Have you ever wondered how learning to play a musical instrument can affect you? So here is the thing when (I am referring to one instrument but this would apply to any instrument in different ways) you see a pianist play. Do you know what the pianist is doing in pretty much one second?
Well, in each moment, the pianist is simultaneously doing the following things:
At the level of muscle movement:
- Coordination between both hands
- Hand and eye coordination
- Foot coordination with the above
At the level of the mind:
- Reading music and translating it all at the same time
- Interpreting the rhythm and then immediately reproducing it.
- Sometimes in more complicated songs, both hands follow a different rhythmic pattern, that requires different coordination.
- And then aesthetically delivering the music.
All this is happening together, second after second, throughout a song. In fact, one study that observed the effects of playing the piano actually said it’s like fireworks going on inside a pianist’s brain.
Needless to say, learning an instrument has terrific benefits. I can start with enhanced brain functioning, children who learn music are good with languages and can communicate better, concentration, it even helps work with anxiety issues, better confidence, expression develops etc. There are endless benefits.
A lot of parents enroll their children in music lessons because they believe it will help their kids become smarter and give them an edge over the others. Unfortunately, our society is based on a quantitative idea of life and success. Our sole aim is to train people to earn a living (there is nothing wrong with that, except every other aspect of life is veiled behind that objective).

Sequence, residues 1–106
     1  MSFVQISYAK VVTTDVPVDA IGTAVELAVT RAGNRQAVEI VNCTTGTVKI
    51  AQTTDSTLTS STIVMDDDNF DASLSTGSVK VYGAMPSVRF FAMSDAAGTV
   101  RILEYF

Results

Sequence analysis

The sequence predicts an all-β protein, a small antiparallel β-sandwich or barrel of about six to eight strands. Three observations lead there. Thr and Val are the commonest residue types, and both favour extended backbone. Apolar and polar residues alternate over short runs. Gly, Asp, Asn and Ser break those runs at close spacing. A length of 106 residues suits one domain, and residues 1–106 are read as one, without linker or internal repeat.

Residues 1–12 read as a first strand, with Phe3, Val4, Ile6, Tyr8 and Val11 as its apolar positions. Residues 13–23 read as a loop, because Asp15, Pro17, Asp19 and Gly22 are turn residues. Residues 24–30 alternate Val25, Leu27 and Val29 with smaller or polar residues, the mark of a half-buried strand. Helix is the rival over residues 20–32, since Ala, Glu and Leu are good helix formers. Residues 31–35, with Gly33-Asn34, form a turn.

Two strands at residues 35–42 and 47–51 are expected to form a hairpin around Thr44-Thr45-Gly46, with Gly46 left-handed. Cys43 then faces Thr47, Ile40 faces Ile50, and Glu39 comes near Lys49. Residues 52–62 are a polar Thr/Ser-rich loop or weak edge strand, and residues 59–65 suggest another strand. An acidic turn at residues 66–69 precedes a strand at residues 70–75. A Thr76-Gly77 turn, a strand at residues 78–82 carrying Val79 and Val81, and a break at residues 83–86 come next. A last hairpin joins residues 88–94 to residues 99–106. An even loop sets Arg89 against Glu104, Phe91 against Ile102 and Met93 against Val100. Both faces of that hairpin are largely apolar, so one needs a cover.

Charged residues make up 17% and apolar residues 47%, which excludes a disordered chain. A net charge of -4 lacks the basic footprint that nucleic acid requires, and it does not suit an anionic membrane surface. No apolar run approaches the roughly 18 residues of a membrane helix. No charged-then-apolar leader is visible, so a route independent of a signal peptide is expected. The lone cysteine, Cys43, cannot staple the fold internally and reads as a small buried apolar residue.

But one of the most important functions of learning music which most overlook is that music can help you cope with life. We try to learn all the skills in life to earn money, but nobody gives you a mechanism to cope with life. When the going gets tough where can you find respite. No one teaches you that. And this is where I speak from my personal experience if anything learning and being able to play an instrument does just that.
For the longest time, I have suffered from depression. (Not clinically diagnosed) And in all these years I found music as a steady companion to overcome every dark moment. It’s always been a beacon of hope. In fact, I know of many well functioning adults who have told me they have overcome severe depression because of music. A music professor once told me how he had managed to overcome thoughts of suicide because he had music. (I am not saying music is a one-stop solution, one should not overlook treatment if needed)
And that’s why often when people come and ask me why should they spend time and money enrolling their kids for music lessons, I usually tell them well it just might make your child a happier person.
Most of them don’t get it though. They feel more reassured when I use big terms like brain cognition, refined concentrative abilities and so on. The simple word ‘happy’ doesn’t satisfy anyone. But imagine if life was a backpack and you had packed things like earning a living, marriage etc. as the things to carry in your backpack. With all that you had also packed a little torch a torch that might come handy when all lights go off, that torch would surely be the skill to play an instrument.